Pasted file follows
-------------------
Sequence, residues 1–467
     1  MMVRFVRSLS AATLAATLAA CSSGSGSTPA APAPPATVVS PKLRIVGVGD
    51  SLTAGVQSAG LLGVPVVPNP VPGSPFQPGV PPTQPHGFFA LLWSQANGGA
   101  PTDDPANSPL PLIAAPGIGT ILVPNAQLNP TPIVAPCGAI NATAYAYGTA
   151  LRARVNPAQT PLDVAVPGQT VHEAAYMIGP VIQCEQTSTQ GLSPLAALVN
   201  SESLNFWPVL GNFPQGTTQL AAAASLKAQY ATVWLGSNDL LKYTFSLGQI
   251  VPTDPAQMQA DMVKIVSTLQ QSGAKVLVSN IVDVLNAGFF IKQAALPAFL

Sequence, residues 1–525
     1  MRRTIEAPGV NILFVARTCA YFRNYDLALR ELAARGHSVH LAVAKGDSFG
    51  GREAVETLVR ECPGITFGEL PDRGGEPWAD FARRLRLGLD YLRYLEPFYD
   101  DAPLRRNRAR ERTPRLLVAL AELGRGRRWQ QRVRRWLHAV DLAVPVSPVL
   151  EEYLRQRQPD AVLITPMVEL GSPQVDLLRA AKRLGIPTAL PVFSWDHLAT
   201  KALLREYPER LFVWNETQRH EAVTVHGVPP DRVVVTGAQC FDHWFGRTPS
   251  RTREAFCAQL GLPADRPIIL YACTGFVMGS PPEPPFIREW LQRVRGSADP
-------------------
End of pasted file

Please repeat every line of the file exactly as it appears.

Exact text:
Sequence, residues 1–467
     1  MMVRFVRSLS AATLAATLAA CSSGSGSTPA APAPPATVVS PKLRIVGVGD
    51  SLTAGVQSAG LLGVPVVPNP VPGSPFQPGV PPTQPHGFFA LLWSQANGGA
   101  PTDDPANSPL PLIAAPGIGT ILVPNAQLNP TPIVAPCGAI NATAYAYGTA
   151  LRARVNPAQT PLDVAVPGQT VHEAAYMIGP VIQCEQTSTQ GLSPLAALVN
   201  SESLNFWPVL GNFPQGTTQL AAAASLKAQY ATVWLGSNDL LKYTFSLGQI
   251  VPTDPAQMQA DMVKIVSTLQ QSGAKVLVSN IVDVLNAGFF IKQAALPAFL

Sequence, residues 1–525
     1  MRRTIEAPGV NILFVARTCA YFRNYDLALR ELAARGHSVH LAVAKGDSFG
    51  GREAVETLVR ECPGITFGEL PDRGGEPWAD FARRLRLGLD YLRYLEPFYD
   101  DAPLRRNRAR ERTPRLLVAL AELGRGRRWQ QRVRRWLHAV DLAVPVSPVL
   151  EEYLRQRQPD AVLITPMVEL GSPQVDLLRA AKRLGIPTAL PVFSWDHLAT
   201  KALLREYPER LFVWNETQRH EAVTVHGVPP DRVVVTGAQC FDHWFGRTPS
   251  RTREAFCAQL GLPADRPIIL YACTGFVMGS PPEPPFIREW LQRVRGSADP